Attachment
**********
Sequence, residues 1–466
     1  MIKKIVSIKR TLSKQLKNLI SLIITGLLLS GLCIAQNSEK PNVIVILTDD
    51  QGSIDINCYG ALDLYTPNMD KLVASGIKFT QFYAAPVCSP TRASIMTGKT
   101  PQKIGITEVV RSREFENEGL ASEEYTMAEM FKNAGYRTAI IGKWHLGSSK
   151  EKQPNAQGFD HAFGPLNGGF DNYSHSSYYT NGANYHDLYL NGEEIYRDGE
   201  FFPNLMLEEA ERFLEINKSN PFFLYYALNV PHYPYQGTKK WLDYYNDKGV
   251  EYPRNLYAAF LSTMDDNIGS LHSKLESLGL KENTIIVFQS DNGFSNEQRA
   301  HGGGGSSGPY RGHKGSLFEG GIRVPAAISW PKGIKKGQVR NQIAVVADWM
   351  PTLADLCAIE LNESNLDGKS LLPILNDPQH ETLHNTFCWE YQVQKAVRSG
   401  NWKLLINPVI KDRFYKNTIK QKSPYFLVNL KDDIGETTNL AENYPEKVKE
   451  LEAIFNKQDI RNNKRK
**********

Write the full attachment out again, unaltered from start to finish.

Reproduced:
Sequence, residues 1–466
     1  MIKKIVSIKR TLSKQLKNLI SLIITGLLLS GLCIAQNSEK PNVIVILTDD
    51  QGSIDINCYG ALDLYTPNMD KLVASGIKFT QFYAAPVCSP TRASIMTGKT
   101  PQKIGITEVV RSREFENEGL ASEEYTMAEM FKNAGYRTAI IGKWHLGSSK
   151  EKQPNAQGFD HAFGPLNGGF DNYSHSSYYT NGANYHDLYL NGEEIYRDGE
   201  FFPNLMLEEA ERFLEINKSN PFFLYYALNV PHYPYQGTKK WLDYYNDKGV
   251  EYPRNLYAAF LSTMDDNIGS LHSKLESLGL KENTIIVFQS DNGFSNEQRA
   301  HGGGGSSGPY RGHKGSLFEG GIRVPAAISW PKGIKKGQVR NQIAVVADWM
   351  PTLADLCAIE LNESNLDGKS LLPILNDPQH ETLHNTFCWE YQVQKAVRSG
   401  NWKLLINPVI KDRFYKNTIK QKSPYFLVNL KDDIGETTNL AENYPEKVKE
   451  LEAIFNKQDI RNNKRK